To remove the crystals, you use vacuum filtration. This removes the crystals from the solution. The last step is to wash the crystals with a cold solvent, which will remove any impurities coating the surface of the crystals. You now have a purified solid. (b) (2 pts.) How do you make a “supersaturated” solution? How is this different than a “saturated” solution? Answer: To make a “supersaturated” solution, you first increase the solubility of the solution by increasing it's temperature (100 deg C if it's a water base), then add more solute. Once fully dissolved, you let the solution cool, and the excess solute will crystallize in a pure form as the solubility decreases with the temperature. (c) Describe what happens when solute is added to:[i] (1 pts.) a saturated solution Answer: The solute will not dissolve in a saturated solution because it is already at it's maximum solubility. [ii] (1 pts.) an unsaturated solution Answer: The solute will dissolve into the solution. [iii] (1 pts.) a supersaturated solution Answer: There are two possible answers to this one. If you add solute when the temperature is increased, the solubility is increased as well, so as long as It hasn't reached the expanded solubility it will dissolve. If, however, you are referring to adding it to a cooling solution that has already been turned into a supersaturated solution, the solute will not dissolve, and will sit in the solution along with the recrystallized pure form of the solute.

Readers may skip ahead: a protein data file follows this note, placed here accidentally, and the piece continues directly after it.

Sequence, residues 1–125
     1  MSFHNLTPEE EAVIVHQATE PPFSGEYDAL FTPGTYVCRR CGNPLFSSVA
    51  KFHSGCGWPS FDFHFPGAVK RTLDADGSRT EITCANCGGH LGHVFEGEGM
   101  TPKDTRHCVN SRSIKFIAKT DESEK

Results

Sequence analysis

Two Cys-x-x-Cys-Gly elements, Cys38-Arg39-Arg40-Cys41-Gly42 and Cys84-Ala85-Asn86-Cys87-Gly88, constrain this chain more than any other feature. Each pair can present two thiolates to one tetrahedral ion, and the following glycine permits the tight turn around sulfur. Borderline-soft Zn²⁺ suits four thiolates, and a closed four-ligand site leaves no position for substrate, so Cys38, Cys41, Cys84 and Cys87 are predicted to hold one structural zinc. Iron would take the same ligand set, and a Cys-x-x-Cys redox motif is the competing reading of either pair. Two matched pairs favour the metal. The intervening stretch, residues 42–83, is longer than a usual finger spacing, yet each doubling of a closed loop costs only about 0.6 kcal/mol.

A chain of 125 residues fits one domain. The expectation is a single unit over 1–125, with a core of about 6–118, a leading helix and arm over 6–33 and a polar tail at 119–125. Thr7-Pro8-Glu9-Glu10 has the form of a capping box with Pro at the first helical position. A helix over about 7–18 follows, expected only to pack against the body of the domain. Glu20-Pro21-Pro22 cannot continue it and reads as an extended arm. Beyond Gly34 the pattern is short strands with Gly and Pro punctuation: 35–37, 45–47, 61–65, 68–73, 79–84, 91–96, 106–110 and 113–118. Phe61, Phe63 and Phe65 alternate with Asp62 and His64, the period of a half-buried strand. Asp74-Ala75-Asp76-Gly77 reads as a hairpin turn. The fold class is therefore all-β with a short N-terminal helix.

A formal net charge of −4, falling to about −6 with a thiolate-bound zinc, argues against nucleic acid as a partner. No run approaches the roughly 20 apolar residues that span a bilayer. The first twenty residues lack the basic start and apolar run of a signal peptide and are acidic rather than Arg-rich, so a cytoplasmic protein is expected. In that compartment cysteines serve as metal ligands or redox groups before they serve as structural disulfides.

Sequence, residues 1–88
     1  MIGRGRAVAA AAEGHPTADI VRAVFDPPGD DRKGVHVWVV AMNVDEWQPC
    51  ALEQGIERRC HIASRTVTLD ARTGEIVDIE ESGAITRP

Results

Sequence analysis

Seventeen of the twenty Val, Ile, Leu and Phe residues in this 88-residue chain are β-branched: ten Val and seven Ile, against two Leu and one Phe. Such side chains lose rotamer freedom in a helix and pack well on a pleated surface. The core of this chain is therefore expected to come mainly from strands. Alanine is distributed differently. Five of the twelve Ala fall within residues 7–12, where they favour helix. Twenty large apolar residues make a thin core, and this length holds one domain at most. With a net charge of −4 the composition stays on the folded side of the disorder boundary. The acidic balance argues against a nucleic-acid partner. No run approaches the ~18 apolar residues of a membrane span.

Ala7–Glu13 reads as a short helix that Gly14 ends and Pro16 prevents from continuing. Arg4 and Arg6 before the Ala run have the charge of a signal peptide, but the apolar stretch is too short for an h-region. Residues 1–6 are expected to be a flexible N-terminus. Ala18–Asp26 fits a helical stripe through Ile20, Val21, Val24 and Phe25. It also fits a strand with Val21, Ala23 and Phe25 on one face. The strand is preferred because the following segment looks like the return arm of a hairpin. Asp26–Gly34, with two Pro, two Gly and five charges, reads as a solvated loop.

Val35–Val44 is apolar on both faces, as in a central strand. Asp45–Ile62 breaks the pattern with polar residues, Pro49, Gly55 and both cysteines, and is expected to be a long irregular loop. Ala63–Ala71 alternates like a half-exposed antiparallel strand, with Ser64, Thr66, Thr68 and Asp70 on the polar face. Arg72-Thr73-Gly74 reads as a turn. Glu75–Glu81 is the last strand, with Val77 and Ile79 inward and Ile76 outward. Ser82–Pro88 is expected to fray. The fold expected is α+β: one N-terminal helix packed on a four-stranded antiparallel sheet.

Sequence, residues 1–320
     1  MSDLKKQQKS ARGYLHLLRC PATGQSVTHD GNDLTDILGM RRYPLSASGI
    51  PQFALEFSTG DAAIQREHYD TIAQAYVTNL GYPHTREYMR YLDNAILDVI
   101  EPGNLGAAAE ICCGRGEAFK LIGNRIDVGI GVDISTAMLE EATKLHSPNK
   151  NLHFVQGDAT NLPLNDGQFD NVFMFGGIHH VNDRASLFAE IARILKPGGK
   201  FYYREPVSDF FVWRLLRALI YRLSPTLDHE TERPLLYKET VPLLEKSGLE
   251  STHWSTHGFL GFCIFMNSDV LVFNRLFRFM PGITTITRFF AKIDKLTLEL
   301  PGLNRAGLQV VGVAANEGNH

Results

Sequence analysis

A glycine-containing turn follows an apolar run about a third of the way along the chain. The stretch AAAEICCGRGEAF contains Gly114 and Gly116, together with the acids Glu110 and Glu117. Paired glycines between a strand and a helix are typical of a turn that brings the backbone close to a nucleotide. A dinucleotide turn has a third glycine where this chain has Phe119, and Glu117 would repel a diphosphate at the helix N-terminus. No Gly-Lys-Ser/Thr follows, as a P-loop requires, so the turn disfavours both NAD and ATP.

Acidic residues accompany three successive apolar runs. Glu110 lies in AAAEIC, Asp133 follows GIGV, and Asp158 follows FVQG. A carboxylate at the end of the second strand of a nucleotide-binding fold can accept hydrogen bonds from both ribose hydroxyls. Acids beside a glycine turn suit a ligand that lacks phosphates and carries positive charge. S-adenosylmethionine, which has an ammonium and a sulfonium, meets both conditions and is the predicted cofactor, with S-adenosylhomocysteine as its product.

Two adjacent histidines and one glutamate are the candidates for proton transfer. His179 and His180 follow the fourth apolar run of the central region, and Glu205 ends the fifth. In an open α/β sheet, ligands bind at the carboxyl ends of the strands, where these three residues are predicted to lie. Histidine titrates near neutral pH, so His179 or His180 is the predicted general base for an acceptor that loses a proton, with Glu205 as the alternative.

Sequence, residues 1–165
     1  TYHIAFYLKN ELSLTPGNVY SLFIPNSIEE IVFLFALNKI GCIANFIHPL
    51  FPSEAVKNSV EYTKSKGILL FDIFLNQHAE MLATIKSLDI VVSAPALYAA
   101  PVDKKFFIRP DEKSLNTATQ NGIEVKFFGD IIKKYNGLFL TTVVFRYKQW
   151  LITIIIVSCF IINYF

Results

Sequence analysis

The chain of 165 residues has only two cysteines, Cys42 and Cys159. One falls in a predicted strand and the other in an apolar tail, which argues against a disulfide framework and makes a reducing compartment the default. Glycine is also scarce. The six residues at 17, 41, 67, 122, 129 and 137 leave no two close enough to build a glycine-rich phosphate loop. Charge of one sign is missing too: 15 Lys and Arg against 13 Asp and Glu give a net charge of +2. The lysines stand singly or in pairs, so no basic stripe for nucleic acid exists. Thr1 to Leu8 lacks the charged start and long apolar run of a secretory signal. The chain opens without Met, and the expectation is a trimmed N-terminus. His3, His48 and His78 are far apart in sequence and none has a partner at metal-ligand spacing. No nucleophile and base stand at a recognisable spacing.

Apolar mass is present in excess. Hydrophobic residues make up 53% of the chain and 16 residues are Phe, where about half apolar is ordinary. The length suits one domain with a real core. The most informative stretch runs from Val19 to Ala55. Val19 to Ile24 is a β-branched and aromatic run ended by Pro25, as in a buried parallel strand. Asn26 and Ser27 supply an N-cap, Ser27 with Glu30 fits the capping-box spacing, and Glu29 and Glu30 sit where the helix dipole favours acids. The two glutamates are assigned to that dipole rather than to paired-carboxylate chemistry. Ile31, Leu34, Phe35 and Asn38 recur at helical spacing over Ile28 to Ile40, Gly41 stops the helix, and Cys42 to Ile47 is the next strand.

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- Summer '11
- Solubility, Potassium nitrate, saturation